Ever since GM Mike Rizzo took over, the Washington Nationals have been an offseason sleeper year in and year out. Sure, there were rumors the team had interest in the likes of Zack Greinke, Prince Fielder and so on, mostly because nobody saw their acquisitions of Jayson Werth and Gio Gonzalez coming. That is Rizzo’s MO: Wait in the shadows, and strike when a deal makes sense. No other executive does this better than Rizzo.
Another deal nobody saw coming was when the team signed Rafael Soriano after their 98-win 2012 that ended in heartbreak. Soriano, known as a prickly personality and a less than stellar teammate, had some scratching their heads and others cheering. What Washington did was strengthen a strength, making the back end of their bullpen one of the best in the game on paper. Unfortunately, games are not played on paper, and 2013 was a major disappointment that included Soriano being pulled from games as it became increasingly obvious that his attitude when not closing was significantly different than when he was closing.
Combine that with Soriano calling out Bryce Harper after not catching a fly ball in San Francisco only a few days after Harper crashed into a certain wall in LA, and it is pretty obvious why the Nationals do not want Soriano’s option to vest. Soriano’s option vests for a third year and $14 million if he finishes 120 games over the course of the 2013 and 2014 seasons. After 58 games finished in 2013, Soriano now needs to finish 62 in 2014 to have that option vest. Call me crazy, but I do not think this is something the Nationals want to happen. That’s especially true after Soriano finished with a relatively high 3.11 ERA for a closer and blew six saves as well as allowed 65 hits in 66.2 innings pitched. Throw in Soriano being 34 going into the season, and it would not be shocking if the Nationals add a bullpen arm or trade Soriano mid-season.
One intriguing bullpen arm could be Grant Balfour, formerly of the Oakland Athletics. Oakland has remade their bullpen significantly since the end of 2013, and with Balfour being 36, chances were always slim that he would return. Balfour is coming off of a 38-save season where he allowed 48 hits in 62.2 innings pitched. Balfour was a fan favorite in Oakland, known for his “Balfour rage” and bulldog’s attitude on the mound. He is a high character guy and known for being a good teammate and a strong clubhouse presence. The Aussie did have a deal in place in December with the Baltimore Orioles, but the Orioles backed out of it after being alarmed by his wrist and knee following a physical. Signing Balfour would make things very interesting for Washington as there is word that Drew Storen could be traded as a means of salary relief combined with the two-year deals signed by Ian Desmond and Jordan Zimmermann which were both back-loaded.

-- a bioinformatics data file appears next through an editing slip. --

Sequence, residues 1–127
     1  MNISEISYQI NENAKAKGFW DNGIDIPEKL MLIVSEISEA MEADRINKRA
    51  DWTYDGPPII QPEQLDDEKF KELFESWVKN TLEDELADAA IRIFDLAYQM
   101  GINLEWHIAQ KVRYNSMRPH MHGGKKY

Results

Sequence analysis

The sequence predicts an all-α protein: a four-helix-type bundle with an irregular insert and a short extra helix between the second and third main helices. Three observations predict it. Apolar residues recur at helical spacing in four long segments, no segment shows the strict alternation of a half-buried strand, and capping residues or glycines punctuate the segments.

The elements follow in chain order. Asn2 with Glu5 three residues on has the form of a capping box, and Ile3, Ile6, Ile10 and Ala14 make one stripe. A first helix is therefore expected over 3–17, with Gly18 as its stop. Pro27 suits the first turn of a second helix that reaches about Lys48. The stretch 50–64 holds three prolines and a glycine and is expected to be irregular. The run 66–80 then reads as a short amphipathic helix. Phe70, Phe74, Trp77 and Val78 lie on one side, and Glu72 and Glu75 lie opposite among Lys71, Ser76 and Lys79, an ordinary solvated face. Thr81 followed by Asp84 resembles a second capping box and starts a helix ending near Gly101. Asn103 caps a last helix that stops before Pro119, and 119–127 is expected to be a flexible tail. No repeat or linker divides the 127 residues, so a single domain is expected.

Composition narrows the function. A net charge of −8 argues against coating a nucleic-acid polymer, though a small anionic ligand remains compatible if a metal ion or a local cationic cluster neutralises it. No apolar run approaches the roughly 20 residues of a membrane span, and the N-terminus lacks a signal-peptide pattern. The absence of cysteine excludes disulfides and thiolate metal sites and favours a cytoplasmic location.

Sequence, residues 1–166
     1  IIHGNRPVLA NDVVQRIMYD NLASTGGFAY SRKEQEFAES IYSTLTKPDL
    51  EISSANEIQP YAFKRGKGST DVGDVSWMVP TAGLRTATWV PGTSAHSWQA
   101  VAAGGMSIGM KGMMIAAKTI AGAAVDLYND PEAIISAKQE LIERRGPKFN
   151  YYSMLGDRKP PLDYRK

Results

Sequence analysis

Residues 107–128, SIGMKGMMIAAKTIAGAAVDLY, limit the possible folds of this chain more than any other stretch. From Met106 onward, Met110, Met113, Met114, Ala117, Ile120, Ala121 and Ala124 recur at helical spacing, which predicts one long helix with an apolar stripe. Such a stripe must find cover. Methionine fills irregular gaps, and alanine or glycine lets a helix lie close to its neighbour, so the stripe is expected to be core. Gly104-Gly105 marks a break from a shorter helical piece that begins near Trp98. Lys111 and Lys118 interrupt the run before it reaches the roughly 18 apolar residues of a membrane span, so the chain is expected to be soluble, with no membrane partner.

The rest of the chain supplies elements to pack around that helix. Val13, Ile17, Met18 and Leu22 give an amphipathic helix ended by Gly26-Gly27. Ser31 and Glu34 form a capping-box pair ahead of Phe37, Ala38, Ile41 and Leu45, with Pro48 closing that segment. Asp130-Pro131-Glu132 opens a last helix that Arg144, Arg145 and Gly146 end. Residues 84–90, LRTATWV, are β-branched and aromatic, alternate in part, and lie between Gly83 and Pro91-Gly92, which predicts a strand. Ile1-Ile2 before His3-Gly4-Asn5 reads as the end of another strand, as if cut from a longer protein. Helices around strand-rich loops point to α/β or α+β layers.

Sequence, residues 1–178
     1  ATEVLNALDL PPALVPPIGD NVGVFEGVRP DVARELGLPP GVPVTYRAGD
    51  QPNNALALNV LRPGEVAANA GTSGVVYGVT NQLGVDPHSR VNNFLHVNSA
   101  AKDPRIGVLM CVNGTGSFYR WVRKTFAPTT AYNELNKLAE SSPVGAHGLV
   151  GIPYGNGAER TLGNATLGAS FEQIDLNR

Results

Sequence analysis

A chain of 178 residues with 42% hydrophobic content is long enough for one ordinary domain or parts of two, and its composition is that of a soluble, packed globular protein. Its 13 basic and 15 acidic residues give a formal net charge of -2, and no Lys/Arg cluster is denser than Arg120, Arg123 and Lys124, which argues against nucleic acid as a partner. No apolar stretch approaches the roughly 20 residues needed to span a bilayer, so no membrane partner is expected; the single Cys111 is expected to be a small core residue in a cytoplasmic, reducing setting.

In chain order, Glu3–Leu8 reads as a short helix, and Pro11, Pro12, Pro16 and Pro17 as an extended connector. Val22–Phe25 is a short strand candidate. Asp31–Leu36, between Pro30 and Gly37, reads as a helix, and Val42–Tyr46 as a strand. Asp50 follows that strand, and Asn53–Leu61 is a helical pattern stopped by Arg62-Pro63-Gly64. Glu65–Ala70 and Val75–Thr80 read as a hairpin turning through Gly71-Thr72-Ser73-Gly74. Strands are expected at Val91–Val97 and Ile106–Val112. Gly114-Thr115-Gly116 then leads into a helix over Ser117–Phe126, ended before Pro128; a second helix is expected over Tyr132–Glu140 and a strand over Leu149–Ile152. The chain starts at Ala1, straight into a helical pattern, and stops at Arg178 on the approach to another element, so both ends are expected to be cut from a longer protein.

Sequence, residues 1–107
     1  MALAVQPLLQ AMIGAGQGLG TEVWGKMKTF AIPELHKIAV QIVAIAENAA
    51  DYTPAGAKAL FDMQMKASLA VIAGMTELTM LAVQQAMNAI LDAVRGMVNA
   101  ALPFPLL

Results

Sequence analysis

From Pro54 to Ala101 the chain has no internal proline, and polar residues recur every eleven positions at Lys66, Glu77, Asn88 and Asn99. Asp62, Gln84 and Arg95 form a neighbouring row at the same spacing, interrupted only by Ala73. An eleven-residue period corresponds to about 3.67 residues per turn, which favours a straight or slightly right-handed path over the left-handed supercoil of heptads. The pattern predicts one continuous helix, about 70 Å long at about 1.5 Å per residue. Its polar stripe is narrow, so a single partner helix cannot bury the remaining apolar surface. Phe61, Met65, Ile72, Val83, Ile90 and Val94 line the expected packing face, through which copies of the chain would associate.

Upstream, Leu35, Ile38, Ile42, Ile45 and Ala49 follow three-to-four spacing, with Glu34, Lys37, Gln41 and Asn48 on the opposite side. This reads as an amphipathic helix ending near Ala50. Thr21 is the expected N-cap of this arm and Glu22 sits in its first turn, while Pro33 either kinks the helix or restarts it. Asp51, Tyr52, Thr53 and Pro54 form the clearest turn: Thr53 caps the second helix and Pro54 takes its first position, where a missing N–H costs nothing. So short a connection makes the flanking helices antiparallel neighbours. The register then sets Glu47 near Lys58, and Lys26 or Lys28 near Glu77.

Signing Balfour for one year would allow Washington to subsidize Soriano’s appearances and thus give them an opportunity to part ways either after the season or through a trade, much like what the New York Mets did with Francisco Rodriguez. It also gives them the flexibility to have both leave after the season, freeing up salary for long-term deals with the aforementioned Desmond and Zimmermann. However, it will also force Washington to remake their bullpen as chances are they probably will not sign Tyler Clippard long-term, especially after how things went with the Sean Burnett contract. And if they trade Storen, there will be many new names and faces in the bullpen for Washington. Thus, a two-year deal may make more sense for Balfour, and it may be the length Washington needs to go to acquire him. Either way, Balfour makes too much sense for Washington to ignore.